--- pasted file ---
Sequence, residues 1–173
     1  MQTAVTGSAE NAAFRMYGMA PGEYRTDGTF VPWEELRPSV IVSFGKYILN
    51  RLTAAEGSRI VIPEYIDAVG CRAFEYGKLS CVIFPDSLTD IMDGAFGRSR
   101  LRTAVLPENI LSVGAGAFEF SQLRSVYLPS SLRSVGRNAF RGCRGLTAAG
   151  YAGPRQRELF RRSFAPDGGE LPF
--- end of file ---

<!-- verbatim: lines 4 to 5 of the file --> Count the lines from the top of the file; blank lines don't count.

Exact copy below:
   101  LRTAVLPENI LSVGAGAFEF SQLRSVYLPS SLRSVGRNAF RGCRGLTAAG
   151  YAGPRQRELF RRSFAPDGGE LPF